Without GOP wave, Kevin McCarthy’s house control could be complicated


In the hours before voting closed on Tuesday, Republicans saw their House majority firmly in their hands.

Leaders prepared a number of press releases outlining their priorities for the first day, around the time Minority Leader Kevin McCarthy (R-Calif.) declared victory, before the clock struck midnight, in “taking back the house” Victory was declared against the background. DC Hotel.

Instead, McCarthy took the stage hours later than expected on Wednesday morning as Democrats held on to a small but not insignificant seat, halting GOP celebrations.

“When you wake up tomorrow, we will be in the majority and Nancy Pelosi will be in the minority,” McCarthy declared in a four-minute speech shortly after 2 a.m.

Nearly a full day later, that prediction has yet to materialize. The House majority remained unknown as of Wednesday night, as many races remained close in areas Republicans thought they could easily win.

To be sure, House Republicans are still largely on track to win the majority. But some are crazy about the seemingly small victory, as they stare at what many privately say is an impossible task to manage an ideologically fractious meeting by a narrow margin.

At the heart of this tightrope walk is McCarthy, who has methodically charted his path to a ruling majority as minority leader for the past four years. While his calculations may not increase his chances of becoming House speaker, the expected narrow victory complicates his path. Members of the conference far-right are considering how to use the narrow majority to their advantage, while more centrist members fear they will be held hostage to fringe ideas, leading to a failure of governance, and McCarthy’s demands for these concessions will only grow.

“We have to figure out how to come together and work for this party,” Rep. Marjorie Taylor Greene (R-Ga.) said Wednesday on Stephen K. Bannon’s “War Room.” “I’m going to do my best on how to do it because I have a clear vision for it. But it’s going to take a lot of hard work.”

A weaker majority could haunt Republicans, just as House Democrats have been toying with a five-seat majority in their last term, encouraging lawmakers to demand and delay legislation as they please.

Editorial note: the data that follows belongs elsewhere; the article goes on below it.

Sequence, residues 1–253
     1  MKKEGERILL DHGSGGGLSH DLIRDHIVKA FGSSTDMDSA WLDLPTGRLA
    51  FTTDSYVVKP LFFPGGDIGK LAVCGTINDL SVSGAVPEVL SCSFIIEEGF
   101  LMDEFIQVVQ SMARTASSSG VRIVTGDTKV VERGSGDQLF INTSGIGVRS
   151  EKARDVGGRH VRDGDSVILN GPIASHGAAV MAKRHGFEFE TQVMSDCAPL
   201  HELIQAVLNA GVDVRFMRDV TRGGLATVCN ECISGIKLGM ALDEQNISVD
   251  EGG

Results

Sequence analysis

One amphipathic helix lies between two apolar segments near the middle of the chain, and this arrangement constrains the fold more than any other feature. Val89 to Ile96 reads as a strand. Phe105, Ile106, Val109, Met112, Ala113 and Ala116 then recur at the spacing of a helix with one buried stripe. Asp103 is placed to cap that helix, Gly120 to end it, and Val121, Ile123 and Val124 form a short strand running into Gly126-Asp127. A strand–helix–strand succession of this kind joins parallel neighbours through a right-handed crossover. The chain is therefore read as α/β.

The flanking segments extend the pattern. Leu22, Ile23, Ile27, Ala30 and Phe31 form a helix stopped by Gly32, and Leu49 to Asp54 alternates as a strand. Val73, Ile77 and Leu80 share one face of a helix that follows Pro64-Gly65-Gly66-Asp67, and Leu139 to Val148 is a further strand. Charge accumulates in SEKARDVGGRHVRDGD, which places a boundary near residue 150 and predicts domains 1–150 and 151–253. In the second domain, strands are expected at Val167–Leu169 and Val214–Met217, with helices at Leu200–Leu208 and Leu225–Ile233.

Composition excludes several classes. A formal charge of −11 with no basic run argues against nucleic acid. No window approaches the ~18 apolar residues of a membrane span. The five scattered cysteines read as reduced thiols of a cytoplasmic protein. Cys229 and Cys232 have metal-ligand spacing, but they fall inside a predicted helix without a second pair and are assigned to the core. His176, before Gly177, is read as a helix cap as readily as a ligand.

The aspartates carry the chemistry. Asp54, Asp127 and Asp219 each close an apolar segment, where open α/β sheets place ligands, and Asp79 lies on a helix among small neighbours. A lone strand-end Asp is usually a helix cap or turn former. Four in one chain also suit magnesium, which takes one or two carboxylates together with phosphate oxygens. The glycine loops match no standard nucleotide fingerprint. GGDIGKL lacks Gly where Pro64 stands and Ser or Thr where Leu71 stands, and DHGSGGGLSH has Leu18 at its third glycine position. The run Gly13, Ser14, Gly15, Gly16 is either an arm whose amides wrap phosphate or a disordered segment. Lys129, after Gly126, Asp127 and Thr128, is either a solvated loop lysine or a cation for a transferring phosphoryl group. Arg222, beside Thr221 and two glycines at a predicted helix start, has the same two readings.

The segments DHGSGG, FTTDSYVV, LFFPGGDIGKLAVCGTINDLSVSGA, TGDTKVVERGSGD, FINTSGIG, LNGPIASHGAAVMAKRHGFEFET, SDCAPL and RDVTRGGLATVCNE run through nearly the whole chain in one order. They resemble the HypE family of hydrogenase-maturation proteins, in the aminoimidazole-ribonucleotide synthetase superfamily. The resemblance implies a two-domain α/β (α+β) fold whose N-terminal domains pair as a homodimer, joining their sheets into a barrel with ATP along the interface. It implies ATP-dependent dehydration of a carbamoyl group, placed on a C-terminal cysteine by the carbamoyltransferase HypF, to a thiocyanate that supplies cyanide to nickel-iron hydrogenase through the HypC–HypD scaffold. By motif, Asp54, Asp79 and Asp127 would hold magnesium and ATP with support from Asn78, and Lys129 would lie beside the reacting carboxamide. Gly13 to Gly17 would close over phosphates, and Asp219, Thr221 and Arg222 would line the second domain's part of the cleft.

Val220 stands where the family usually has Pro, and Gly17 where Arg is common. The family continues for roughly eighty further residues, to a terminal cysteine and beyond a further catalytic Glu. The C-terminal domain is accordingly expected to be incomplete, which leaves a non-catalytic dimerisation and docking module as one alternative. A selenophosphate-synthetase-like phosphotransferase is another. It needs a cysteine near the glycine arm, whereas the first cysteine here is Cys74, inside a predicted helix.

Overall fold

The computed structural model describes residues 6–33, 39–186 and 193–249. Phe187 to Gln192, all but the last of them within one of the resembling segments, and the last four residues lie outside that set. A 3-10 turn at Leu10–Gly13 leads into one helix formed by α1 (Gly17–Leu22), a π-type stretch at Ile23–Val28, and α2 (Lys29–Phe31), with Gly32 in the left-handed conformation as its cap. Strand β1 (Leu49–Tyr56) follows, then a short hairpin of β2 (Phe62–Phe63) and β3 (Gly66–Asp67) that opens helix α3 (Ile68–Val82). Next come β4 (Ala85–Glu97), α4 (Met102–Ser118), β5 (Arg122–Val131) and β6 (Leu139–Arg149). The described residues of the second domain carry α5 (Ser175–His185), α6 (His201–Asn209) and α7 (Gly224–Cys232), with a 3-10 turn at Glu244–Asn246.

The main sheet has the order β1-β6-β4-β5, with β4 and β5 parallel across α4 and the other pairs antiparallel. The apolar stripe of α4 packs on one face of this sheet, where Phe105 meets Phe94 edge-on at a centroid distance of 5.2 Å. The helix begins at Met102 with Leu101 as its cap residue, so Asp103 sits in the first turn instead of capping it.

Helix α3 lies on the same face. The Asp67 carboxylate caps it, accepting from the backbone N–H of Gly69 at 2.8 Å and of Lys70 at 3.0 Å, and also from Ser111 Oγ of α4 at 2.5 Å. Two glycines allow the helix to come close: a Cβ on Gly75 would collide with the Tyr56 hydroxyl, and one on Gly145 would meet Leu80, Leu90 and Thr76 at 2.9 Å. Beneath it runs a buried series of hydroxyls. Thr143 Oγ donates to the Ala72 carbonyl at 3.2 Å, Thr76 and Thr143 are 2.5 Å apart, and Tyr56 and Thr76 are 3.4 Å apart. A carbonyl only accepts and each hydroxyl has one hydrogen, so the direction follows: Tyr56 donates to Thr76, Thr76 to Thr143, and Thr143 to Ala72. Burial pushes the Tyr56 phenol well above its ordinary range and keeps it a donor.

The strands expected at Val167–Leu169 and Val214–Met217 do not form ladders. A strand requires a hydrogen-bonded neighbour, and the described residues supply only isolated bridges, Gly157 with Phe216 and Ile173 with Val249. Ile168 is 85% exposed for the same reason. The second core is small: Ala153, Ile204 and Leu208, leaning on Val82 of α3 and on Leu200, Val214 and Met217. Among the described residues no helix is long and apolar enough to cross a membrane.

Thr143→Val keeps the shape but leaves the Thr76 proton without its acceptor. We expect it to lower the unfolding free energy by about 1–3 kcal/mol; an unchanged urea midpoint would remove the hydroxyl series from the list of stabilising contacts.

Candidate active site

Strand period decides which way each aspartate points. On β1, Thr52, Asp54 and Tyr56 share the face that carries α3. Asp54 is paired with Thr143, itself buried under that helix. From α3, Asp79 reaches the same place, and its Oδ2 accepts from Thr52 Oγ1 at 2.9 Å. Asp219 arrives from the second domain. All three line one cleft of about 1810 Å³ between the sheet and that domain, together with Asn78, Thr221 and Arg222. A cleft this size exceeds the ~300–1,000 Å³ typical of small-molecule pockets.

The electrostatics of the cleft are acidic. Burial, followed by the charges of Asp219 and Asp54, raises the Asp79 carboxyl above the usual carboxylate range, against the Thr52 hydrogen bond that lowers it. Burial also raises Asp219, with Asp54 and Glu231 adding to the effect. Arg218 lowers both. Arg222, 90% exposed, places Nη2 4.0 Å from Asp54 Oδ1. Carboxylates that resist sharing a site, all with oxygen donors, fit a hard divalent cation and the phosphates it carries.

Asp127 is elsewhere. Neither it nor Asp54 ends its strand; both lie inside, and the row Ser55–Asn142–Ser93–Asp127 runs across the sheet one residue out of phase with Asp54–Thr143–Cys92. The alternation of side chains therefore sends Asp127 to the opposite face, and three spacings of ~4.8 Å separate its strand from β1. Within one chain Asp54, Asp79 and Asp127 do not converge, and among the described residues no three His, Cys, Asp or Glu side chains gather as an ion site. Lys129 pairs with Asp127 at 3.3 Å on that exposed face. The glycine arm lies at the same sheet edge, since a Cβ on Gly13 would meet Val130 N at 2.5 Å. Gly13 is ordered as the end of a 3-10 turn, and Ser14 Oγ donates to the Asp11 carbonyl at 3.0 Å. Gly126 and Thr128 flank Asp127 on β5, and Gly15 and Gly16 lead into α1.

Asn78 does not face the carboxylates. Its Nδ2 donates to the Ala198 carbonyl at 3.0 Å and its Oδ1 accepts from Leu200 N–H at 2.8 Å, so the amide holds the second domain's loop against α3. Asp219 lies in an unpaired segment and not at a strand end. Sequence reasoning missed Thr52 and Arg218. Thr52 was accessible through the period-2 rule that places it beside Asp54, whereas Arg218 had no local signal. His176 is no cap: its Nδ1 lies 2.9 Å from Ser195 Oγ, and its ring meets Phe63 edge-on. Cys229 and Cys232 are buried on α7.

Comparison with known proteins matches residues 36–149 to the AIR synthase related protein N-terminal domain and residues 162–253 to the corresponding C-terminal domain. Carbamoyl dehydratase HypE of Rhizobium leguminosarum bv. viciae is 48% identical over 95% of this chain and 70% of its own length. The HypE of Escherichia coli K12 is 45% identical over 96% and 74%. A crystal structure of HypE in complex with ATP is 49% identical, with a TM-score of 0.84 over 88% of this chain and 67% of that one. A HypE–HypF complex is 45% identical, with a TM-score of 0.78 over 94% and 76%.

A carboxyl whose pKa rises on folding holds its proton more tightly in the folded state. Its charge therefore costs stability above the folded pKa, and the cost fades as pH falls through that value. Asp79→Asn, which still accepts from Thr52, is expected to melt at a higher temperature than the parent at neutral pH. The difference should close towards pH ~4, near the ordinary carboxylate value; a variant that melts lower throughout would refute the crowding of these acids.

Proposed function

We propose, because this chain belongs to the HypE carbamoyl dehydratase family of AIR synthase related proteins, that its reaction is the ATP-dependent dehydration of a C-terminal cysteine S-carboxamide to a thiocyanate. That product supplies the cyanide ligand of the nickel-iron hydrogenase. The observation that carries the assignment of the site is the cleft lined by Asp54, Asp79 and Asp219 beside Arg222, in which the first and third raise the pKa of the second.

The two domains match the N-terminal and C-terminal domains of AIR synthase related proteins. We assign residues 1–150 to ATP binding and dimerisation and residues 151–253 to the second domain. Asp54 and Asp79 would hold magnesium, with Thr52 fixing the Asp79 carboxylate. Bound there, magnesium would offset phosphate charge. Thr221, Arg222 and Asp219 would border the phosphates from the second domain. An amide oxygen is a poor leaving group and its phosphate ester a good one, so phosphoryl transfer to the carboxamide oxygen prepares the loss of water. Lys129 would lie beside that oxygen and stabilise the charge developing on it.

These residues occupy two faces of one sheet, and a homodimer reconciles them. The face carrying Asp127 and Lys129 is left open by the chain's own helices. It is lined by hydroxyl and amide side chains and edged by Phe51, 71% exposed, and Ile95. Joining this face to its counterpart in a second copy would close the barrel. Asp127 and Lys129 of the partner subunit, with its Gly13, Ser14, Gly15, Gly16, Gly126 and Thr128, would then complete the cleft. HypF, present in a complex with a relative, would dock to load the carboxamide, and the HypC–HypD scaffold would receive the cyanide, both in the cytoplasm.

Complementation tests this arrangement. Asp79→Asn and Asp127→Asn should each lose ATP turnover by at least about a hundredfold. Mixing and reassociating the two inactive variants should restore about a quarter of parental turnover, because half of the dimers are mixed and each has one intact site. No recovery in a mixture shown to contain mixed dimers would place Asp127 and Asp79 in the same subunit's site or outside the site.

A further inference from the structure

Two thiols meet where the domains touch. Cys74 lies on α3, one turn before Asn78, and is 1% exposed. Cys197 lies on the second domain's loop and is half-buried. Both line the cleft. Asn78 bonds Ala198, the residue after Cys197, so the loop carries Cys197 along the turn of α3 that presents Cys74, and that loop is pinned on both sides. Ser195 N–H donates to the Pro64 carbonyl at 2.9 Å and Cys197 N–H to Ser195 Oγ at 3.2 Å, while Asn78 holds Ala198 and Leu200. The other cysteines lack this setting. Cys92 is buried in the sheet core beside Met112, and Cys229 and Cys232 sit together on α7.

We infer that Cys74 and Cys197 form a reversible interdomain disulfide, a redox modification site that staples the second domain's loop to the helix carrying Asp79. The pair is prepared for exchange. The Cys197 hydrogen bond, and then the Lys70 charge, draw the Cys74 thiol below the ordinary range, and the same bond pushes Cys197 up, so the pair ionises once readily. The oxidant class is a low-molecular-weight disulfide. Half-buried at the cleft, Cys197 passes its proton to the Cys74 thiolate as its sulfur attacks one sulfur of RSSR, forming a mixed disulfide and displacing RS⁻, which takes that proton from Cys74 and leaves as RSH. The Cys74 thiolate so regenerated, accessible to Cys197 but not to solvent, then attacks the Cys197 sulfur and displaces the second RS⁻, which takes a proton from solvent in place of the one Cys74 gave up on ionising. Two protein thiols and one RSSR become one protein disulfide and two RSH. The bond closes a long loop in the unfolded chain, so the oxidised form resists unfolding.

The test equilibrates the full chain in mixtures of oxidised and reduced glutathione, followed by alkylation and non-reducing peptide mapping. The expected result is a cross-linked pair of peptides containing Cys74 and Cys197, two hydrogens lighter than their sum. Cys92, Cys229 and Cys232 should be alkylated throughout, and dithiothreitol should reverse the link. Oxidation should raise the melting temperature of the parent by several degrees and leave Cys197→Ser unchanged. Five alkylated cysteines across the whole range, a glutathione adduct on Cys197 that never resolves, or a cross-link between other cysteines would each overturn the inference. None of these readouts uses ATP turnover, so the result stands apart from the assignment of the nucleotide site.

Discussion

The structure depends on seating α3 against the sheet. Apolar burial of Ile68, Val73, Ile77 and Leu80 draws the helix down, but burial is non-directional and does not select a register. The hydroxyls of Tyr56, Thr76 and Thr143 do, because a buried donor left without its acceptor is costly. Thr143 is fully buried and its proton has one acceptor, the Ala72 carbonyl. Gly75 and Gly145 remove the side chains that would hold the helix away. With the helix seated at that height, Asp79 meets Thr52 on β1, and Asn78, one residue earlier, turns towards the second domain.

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Allies say the goodwill McCarthy has cultivated among the ideological wing within the GOP conference will help cement all the 218 votes necessary to declare him speaker in January. But according to more than 20 Republican lawmakers, strategists and aides discussed private conversations on condition of anonymity.

“Kevin McCarthy worked very hard, he and [Minority Whip Steve Scalise (R-La.)] Traveled all over the country and united the meeting on policy… [and] Recruited incredibly qualified candidates,” retired Rep. Kevin Brady (R-Tex.) said Wednesday. “Leader McCarthy has the vision and I think has the ability to unite this new conference in the majority advance in. “

An unmanageable meeting looks set to govern

Polls in the final days before the election continue to show that Republicans are winning over voters who believe the economy remains their top concern. Republican lawmakers, aides and strategists, in turn, got a head start on winning, touting McCarthy’s political instincts and recruiting success as the key to “saving the tsunami” in the House.

But with the tsunami receding before it washed ashore, some Republicans questioned McCarthy’s strategy and wondered whether the outcome would force him to reset his priorities — and to recalibrate those he listened to.

A House Republican who won re-election on Tuesday sees the margin for victory as McCarthy’s task of finally suppressing election denialism and baseless claims embraced by far-right candidates and lawmakers in the House GOP conference.